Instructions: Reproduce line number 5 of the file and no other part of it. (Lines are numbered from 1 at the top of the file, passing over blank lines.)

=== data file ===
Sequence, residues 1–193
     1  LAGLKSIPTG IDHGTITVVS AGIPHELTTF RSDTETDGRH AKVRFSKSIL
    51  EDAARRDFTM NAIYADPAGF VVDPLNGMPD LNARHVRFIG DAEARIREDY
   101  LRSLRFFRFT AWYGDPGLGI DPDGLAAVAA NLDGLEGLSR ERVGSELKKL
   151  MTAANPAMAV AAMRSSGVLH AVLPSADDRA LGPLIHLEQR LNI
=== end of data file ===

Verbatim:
   151  MTAANPAMAV AAMRSSGVLH AVLPSADDRA LGPLIHLEQR LNI